COVID-19 has profoundly redefined the way we work, driving nearly half the U.S. workforce — roughly 80 million people — into work-from-home arrangements, according to Stanford University researchers. As a result, a robust unified communications (UC) infrastructure that enables remote communication, conferencing and collaboration has become a business essential.
Because remote work will almost certainly become a permanent feature once the pandemic has subsided, organizations must develop a strategy for the long-term remote communication and collaboration needs of their workforce. Even organizations that have been using on-premises UC or cloud-based UC-as-a-Service (UCaaS) for several years must rethink their approach.
In the pre-pandemic world, UC tools provided nice-to-have enhancements for office-based employees working with a fast, reliable corporate network. Now, UC must provide foundational technologies for remote workers who are more likely to have speed, latency and security issues with home networks.
Following are two of the critical factors organizations must consider when developing a long-term UC strategy to support a remote workforce:
How should Unified Communications (UC) be deployed?
One of the first things to decide is whether to deploy UC on-premises or in the cloud. On-premises solutions typically allow greater customization and more direct control. Depending on your preferences, owning the UC infrastructure can offer certain cost benefits by enabling year-over-year asset depreciation against tax liabilities.
A chief advantage of cloud UC has always been that the pay-as-you-go model shifts costs to an operating expense, eliminating hefty upfront capital investments. Perhaps more important, cloud-based solutions require far less hands-on management than on-premises solutions, they are easy to access, deploy and scale, and they are continually updated with new features.
There are three basic approaches to cloud UC — hosted UC, hybrid cloud UC and UCaaS. In hosted UC, a provider owns and maintains all the necessary hardware and delivers subscription service in a single-tenant model. In this model, the customer retains administrative duties, including control over moves, adds and changes. This is generally the preferred model for large organizations that have administrative staff and their own phone hardware in place.
UCaaS is a more “hands-off” approach in which hardware, software and administration is all part of the service. UCaaS solutions are usually delivered in a multitenant model, with a single software instance serving multiple customers. This is an attractive option for smaller organizations or startups that have no existing UC investments and lack in-house administrative expertise.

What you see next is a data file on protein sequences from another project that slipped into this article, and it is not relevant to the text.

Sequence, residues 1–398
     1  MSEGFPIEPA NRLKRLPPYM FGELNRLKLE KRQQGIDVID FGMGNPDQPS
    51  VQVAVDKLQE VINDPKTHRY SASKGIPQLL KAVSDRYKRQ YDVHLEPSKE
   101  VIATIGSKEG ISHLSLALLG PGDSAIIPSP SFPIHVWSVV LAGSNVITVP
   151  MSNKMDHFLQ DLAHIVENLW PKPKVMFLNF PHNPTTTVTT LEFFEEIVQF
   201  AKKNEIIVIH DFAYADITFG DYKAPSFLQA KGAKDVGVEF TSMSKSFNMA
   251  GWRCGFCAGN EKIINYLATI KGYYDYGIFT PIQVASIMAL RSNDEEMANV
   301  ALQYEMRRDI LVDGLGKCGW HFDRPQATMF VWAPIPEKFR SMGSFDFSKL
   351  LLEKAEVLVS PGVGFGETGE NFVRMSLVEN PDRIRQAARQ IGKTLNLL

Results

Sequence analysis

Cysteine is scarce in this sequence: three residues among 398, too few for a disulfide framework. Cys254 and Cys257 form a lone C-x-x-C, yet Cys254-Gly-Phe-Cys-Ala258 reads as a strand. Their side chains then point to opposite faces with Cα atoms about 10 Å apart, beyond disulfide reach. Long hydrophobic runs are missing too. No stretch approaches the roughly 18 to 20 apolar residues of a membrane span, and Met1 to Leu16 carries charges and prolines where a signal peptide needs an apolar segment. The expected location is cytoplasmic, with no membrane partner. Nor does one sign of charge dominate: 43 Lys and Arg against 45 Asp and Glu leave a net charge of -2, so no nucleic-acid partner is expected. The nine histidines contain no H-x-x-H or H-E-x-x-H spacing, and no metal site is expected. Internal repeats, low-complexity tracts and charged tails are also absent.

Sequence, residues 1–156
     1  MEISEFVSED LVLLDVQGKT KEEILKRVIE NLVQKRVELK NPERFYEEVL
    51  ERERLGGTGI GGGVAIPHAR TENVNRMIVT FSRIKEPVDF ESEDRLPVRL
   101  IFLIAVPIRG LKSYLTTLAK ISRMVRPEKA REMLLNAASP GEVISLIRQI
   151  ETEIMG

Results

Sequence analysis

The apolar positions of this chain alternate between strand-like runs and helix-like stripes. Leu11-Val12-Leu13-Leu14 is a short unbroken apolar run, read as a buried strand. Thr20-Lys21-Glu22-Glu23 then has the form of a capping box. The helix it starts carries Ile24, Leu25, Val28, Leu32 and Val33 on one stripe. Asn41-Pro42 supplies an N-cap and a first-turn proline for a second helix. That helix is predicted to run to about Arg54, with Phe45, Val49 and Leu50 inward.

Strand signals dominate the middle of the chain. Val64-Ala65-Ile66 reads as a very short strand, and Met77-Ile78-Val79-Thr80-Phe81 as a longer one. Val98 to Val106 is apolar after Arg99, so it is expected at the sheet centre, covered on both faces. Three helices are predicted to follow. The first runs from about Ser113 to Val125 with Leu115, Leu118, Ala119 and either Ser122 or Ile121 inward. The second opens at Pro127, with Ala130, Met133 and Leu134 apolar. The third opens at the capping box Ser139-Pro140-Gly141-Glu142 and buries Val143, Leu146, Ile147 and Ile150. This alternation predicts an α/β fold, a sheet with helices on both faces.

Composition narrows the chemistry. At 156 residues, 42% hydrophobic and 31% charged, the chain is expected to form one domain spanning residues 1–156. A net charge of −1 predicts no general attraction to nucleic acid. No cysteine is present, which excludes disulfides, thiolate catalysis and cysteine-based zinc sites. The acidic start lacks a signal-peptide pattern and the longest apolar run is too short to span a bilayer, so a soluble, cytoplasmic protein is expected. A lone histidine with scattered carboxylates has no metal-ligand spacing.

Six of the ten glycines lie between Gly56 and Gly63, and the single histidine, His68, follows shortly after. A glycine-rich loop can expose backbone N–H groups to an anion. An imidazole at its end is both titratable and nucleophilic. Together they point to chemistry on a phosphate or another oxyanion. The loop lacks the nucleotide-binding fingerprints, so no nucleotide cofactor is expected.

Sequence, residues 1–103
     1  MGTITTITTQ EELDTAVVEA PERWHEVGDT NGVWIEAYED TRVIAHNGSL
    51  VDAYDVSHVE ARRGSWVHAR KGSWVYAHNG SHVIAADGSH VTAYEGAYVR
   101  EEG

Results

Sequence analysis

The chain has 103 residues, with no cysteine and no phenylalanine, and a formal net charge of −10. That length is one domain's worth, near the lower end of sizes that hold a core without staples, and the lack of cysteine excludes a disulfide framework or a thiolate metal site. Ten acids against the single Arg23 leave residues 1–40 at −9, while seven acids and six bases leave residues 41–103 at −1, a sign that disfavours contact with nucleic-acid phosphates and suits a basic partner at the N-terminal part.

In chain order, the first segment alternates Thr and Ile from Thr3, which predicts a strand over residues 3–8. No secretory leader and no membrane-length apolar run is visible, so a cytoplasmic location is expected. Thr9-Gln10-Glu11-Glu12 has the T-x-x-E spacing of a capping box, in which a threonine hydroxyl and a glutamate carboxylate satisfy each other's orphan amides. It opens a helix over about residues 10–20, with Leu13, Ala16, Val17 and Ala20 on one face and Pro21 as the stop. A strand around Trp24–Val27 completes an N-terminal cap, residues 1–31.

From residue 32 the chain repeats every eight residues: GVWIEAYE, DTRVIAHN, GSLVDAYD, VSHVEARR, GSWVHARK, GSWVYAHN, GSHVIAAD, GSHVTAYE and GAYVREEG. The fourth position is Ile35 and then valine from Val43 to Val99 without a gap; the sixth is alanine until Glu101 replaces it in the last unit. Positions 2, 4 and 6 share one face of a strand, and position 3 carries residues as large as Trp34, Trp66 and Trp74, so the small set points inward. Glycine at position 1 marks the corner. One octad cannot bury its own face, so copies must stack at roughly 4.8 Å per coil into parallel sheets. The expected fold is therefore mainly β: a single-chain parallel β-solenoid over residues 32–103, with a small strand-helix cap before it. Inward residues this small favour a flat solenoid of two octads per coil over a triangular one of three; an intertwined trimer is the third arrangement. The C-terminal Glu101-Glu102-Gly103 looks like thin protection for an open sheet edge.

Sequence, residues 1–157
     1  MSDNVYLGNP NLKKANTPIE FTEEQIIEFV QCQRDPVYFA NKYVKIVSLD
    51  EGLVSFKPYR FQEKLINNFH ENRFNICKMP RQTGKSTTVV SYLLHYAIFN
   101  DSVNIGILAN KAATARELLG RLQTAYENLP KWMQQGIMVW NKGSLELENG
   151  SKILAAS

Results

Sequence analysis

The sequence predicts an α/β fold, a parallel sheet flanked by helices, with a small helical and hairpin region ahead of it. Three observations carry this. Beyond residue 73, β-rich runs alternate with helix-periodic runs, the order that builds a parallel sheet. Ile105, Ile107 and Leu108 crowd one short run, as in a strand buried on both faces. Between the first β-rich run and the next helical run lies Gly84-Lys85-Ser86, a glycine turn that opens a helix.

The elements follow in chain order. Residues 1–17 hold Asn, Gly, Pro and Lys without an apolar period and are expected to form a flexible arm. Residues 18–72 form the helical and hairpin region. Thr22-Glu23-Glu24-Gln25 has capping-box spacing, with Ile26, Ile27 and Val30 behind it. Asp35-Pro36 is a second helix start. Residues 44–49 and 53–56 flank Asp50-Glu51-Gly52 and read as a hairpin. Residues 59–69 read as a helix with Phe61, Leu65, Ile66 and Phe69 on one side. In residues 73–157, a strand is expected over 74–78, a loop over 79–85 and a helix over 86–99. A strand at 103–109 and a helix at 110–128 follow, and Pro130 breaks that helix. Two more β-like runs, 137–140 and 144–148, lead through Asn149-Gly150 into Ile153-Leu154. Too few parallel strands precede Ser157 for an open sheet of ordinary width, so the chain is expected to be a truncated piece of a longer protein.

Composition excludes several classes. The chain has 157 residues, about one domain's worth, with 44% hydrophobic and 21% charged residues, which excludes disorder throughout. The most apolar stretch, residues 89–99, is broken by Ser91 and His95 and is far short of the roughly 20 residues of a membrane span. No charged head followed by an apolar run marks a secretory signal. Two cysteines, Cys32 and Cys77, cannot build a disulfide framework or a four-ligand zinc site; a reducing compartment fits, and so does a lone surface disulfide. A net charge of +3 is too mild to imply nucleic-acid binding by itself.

A hybrid model involves a mixture of on-premises and cloud-based features. For example, an organization might use an on-premises IP phone system at headquarters while deploying cloud-based solutions at smaller remote offices.
What can your network handle?
It is important to remember that deploying UC isn’t a matter of rolling out a single application or technology — it involves an ecosystem of highly dependent systems, including voice, video, text, email, conferencing and team collaboration. Whether UC is deployed on-premises or in the cloud, your underlying network infrastructure must be able to support these real-time communication features with negligible latency.
Voice and video traffic are particularly sensitive to network delays, which is a major consideration for remote workers. Video transmission can require 10 times more bandwidth than when transferring data files or emails. Call volume can also dramatically influence bandwidth requirements, as can voice-encoding schemes and compression techniques.
High-quality connectivity is essential for supporting cloud UC solutions. All internal cabling must be compliant with the latest standards, in good condition and properly terminated. Redundant network links are also part of best-practice design. Multiple active links support the traffic shaping and prioritization tools that minimize the effect of network slowdowns.
Many other factors must be considered when developing a long-range strategy for providing employees with the communication, conferencing and collaboration tools they need to work remotely. We’ll take a closer look at some of those in part 2 of our post.